For my other horses, my main concern is only a switch from hay to grass for digestion purposes, and the most common “side effect” is runny manure if you go too quickly. I don’t know of any horses that have ever colicked by being turned out on pasture, but I guess it can happen.

I usually start mine at 30-60 minutes. They currently have a sacrifice pasture that grows a little grass so they have had a little bit before being turned out. I typically give them 1-2 hours max after a day or so, for about a week. The best way I’ve found to do this is to turn out in the morning, because once the sun is up and hot they want to come back in anyway. After 4 hours or so (for about a week) I feel comfortable giving them overnight turnout - starting late and bringing in early.

I think one of the most important factors is to prepare your pasture as much as your horses. I don’t want mine going out before it’s been mowed at least once, preferably twice.

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Could you define “turn out late and bring in early”? Thank you!

Oh, I just mean like 9pm to 5am…versus regular feeding time (around 6:30-7:00pm and 6:30-7:00am.) So it’s 8 hours versus 12 hours on grass. Once the weather is warm, my horses will bring themselves in as soon as the sun comes up because they will be full, tired, and trying to avoid the bugs. But at first, they might be happy to gorge themselves for a full 12 hours if I allowed them to.

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Yup! This is what I do, no issues. Every year we drylot in winter and reintroduce to grass in spring when it’s dry enough. 15m every day until 4hrs then out overnight. We have a cushings QH in the group who thrives on the grass and looks the best he does all year - he is toothless and can’t masticate hay.

OP, I think your vet’s schedule is very conservative, but there’s nothing wrong with doing it that way if that’s what you choose. If my horses were stalled regularly, I would probably be more conservative with grass times too - but they live out 24/7, and I think the main concern is inflammation and gas build-up, which is substantially worse in a stalled environment.

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LOL that’s like my entire grazing season. It will be over by the time they get to 24/7.

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I’m not as fancy. Pony wears a muzzle and I turnout middle of the day for 3-4 hours. If firm poop and no heat or pulses I keep increasing till 8 hours, adding a couple hours in the afternoon at a time. I did the same for the new horse but no muzzle as he doesn’t have grass issues.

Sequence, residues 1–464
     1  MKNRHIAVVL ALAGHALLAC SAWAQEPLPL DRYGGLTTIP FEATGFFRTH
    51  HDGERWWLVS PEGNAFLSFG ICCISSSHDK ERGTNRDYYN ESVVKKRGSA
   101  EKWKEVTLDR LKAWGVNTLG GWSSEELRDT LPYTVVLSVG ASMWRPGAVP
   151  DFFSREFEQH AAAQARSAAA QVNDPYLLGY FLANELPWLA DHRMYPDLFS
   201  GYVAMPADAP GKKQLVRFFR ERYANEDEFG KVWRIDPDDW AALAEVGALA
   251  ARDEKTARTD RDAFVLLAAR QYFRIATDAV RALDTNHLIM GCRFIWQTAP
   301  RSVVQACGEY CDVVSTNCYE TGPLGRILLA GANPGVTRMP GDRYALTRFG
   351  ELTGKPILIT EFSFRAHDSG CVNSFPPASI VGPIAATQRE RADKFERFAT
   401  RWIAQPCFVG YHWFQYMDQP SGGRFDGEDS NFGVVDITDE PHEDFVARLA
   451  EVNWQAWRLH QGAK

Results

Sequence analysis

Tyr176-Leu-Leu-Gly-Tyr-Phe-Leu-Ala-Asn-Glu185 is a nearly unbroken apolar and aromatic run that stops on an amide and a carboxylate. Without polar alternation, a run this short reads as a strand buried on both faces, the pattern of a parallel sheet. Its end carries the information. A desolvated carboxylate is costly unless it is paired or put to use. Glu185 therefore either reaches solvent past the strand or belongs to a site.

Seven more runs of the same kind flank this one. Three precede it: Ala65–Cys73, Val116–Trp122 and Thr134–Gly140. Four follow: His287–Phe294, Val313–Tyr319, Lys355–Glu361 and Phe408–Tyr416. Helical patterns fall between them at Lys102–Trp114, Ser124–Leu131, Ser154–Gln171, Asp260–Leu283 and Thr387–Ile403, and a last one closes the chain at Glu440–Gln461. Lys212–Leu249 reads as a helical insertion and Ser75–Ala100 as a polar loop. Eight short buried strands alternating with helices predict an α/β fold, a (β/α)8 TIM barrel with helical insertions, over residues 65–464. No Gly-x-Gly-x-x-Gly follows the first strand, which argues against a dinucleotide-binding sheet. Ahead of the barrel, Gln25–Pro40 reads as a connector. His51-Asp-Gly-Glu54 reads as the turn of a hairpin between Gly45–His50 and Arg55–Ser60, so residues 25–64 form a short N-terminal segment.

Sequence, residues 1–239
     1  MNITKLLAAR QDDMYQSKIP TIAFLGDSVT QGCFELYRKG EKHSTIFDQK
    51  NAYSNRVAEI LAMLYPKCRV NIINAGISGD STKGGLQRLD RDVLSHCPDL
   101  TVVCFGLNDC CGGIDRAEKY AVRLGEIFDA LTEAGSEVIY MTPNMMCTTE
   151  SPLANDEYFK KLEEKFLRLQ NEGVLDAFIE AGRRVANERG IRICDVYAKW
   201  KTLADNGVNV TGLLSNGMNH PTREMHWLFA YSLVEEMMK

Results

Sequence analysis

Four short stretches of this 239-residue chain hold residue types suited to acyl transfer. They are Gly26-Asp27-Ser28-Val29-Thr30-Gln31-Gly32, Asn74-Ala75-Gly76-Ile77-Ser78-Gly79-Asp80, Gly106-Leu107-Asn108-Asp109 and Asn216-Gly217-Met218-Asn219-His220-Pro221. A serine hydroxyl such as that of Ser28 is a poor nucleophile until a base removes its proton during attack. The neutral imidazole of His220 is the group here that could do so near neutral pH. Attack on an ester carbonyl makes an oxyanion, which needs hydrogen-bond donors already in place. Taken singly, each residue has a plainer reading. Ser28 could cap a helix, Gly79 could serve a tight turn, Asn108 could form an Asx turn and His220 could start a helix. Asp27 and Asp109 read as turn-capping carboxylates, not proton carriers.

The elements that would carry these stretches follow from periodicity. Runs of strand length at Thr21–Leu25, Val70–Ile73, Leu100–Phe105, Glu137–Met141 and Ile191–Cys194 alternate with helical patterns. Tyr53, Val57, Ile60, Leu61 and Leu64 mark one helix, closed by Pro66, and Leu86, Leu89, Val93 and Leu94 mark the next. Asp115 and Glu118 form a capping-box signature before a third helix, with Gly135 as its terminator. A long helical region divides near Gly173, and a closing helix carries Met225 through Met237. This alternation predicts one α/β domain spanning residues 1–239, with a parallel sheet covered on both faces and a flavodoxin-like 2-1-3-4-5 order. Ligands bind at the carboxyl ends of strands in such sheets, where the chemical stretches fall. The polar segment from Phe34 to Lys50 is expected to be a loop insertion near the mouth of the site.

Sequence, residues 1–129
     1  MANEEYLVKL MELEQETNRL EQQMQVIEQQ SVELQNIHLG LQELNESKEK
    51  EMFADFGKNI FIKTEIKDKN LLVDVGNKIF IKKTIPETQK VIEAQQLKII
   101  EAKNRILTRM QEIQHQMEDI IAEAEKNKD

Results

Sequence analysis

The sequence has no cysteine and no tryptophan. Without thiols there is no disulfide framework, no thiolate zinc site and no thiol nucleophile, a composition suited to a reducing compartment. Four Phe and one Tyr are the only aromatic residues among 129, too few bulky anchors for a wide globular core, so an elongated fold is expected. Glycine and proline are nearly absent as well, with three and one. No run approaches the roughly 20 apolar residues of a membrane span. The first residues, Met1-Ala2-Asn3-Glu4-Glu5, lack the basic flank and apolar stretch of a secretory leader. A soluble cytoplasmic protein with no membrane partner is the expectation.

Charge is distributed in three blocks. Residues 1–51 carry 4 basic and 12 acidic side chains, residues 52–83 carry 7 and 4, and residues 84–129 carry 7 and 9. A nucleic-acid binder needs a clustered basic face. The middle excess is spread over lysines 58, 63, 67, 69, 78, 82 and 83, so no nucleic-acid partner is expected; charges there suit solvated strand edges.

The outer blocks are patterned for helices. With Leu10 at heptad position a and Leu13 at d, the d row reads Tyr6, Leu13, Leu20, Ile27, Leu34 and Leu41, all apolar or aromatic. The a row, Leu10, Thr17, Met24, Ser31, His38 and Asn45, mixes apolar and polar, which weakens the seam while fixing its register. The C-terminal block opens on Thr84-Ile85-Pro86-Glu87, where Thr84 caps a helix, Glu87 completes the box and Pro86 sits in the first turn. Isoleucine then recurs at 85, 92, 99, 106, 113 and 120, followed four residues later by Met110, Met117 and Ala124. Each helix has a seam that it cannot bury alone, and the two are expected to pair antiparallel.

I also cut the grass every other day in the pasture and it’s not rocket fuel either. Just semi-decent grass with weeds and clover. They can’t go in my rocket fuel fields and if they were it would be a few hours after breakfast and both with a muzzle.

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Do you mean literally “every other day”???

Wowser.

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Only in that one acre pasture, it’s growing so fast…literally can see growth overnight. My one horse and muzzled pony can’t keep up with it. They are out 8-10 hours on it.

The other pastures I cut bi-weekly, but I have to cut my yard 2x a week now or it is 2” over my ankle. We reseeded and fertilized everything last fall after years of neglect and everything is taking off.

That’s an impressive amount of work! My pastures are larger, I move the horses around a lot, and I still only cut to 4" when the grass is 8" tall.

You’re making me feel like a terrible lazy slob over here.

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oh wow! Only six weeks of grass, I’m sorry for you!

Yeah it’s probably a little overkill, but that was at boarding barns in Ohio coming out of winters onto rich spring grass usually. IDK what people do in Florida, mine are out 24/7 here on my own farm.

Well, it is a bit of an exaggeration. :slight_smile: But by the time the spring mud dries and grass is tall enough to mow, and before the fall rains make the pasture too soft to have full turnout…it’s not a terribly long season.

I’ve only seen the gradual grass acclimation done here in FL when turning out onto the winter ryegrass. I figured the concept was the same. Lol. I think further south into FL winter rye may not be as common as here in the frigid panhandle :rofl: